Not to bring Halloween six months early (or late), but Vincent Price is one of those iconic actors that still endures 20 years after his death. In fact, due to the DVD boom, I would say that Price is more (in)famous now than ever, due to the abundance of his movies on home video (check out the MGM Midnite Movies collection for some of his best). And how could you forget Price, with his tall stature, Guy Lombardo moustache and that weird, nasally, New Englander purr that sounds as if there is a plot behind every syllable. Price had 185 movie and TV credits to his name, starting in the late '30s playing heavies and continuing into the '40s with the same type of character - the antagonist in period clothing that was suave enough to earn sinister and neurotic to the very last frame. It was in the 1950s, however, that Price scared the baby boom generation en masse so that it entered the '60s with all his best work for Roger Corman.
"House of the Long Shadows," however, finds Price in his latter years, when his gaunt presence became a caricature, but he could still rise to the occasion. The plot of the movie and his co-stars make up for this, with writer Kenneth Magee (Desi Arnez Jr.) renting a spooky house on a bet to gain inspiration for a macabre book he has in mind. To his surprise, the house is not unoccupied, with a family reunion of sorts in progress, as several members of the Grisbane family are gathered to greet their younger brother back into the world. You see, younger brother Roderick has been locked in the attic for 40 years because of a murder he committed, with family justice presiding over his fate, and this is the night of his release. Yet young Roderick, much to everyone's dread, may have escaped already.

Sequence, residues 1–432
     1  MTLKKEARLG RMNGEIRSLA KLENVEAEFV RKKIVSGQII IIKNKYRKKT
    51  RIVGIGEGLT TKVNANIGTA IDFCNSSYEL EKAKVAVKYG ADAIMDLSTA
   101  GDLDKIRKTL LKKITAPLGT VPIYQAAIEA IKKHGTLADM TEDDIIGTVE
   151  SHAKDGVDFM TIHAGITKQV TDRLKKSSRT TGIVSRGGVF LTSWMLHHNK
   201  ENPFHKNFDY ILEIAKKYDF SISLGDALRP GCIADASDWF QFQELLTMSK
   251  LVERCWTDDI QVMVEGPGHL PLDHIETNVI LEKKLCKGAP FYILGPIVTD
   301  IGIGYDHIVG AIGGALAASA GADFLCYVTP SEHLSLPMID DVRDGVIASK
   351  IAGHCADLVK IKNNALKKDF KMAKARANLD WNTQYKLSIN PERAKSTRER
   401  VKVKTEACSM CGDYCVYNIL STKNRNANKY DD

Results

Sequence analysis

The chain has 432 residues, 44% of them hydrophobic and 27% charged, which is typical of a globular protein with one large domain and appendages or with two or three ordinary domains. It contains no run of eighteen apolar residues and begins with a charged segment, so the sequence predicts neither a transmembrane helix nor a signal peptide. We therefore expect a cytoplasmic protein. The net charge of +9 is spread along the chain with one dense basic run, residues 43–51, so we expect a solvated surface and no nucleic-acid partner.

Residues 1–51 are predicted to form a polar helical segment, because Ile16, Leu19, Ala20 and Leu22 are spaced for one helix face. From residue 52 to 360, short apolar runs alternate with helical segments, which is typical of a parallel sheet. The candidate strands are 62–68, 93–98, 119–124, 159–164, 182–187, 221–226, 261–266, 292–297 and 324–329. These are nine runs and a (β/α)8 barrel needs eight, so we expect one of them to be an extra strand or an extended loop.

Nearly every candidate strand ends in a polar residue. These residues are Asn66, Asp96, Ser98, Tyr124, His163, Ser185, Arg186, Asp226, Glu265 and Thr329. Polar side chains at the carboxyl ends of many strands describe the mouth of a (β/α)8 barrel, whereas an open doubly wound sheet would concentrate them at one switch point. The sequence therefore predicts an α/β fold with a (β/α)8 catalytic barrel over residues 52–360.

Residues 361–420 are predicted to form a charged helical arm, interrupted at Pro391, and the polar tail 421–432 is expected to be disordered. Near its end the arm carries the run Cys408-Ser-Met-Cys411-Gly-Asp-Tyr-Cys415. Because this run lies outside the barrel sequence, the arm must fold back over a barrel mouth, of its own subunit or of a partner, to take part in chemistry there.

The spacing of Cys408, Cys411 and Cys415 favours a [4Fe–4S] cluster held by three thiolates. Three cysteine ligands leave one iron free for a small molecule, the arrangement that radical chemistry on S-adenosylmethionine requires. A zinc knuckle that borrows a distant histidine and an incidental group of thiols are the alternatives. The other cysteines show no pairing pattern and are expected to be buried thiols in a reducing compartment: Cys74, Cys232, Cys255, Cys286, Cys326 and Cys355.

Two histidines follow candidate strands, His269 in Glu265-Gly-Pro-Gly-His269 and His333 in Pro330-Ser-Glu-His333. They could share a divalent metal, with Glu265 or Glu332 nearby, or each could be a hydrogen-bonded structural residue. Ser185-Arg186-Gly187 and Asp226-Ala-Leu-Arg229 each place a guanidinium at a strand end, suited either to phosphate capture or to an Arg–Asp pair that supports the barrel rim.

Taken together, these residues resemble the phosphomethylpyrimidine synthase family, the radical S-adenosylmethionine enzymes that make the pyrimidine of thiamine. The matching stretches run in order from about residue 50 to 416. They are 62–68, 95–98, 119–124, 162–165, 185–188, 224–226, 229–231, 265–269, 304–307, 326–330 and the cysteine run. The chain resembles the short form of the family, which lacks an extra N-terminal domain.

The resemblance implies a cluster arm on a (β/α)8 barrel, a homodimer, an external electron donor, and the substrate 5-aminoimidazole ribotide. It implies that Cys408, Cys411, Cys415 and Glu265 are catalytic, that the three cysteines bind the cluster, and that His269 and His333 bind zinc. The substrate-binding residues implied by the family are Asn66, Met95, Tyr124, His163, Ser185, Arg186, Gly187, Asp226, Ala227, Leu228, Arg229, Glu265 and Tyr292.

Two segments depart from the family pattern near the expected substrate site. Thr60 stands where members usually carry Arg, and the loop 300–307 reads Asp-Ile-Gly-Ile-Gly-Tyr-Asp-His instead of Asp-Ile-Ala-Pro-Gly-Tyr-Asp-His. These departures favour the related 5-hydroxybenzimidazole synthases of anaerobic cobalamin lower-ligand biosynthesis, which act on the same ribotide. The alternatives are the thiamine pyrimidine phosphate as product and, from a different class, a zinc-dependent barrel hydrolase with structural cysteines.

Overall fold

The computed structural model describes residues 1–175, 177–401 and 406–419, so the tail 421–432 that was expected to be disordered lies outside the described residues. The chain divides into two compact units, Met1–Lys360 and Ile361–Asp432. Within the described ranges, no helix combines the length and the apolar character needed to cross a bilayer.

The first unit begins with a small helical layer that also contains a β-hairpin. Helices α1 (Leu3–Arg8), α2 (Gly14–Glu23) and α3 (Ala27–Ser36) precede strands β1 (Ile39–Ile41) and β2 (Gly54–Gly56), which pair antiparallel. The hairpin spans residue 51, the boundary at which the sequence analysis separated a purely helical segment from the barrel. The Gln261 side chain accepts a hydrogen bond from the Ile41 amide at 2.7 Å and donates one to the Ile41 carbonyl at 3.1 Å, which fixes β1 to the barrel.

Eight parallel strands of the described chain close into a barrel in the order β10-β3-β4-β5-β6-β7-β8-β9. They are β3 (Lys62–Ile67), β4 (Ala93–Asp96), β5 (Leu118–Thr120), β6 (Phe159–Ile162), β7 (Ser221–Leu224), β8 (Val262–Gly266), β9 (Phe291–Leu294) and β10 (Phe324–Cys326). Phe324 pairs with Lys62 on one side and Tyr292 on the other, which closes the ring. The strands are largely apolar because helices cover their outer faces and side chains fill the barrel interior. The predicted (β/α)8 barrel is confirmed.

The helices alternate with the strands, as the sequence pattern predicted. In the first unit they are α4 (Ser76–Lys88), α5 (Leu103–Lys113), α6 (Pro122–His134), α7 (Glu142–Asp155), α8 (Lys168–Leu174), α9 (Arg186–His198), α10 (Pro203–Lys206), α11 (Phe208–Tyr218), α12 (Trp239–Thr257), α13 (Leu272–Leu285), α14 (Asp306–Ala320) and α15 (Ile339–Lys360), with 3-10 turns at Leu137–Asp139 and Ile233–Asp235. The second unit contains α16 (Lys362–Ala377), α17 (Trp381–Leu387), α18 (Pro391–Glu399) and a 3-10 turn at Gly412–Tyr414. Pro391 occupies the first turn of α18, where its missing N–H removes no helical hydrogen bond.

"House of the Long Shadows" was one of my favorite movies growing up as a kid (and that tells you what kind of kid I was, and still am). The movie has that low-budget, '80s feel, with a kind of hurry-up-and-get-there mentality and murky look (due to the DVD transfer), but it is macabre enough to wade past its presentation. In fact, the director Pete Walker seems to relish in the grotesqueness of the subject, with some good twists and turns, so like good pulp you stay glued to the very end, relishing in its cheeky guginol.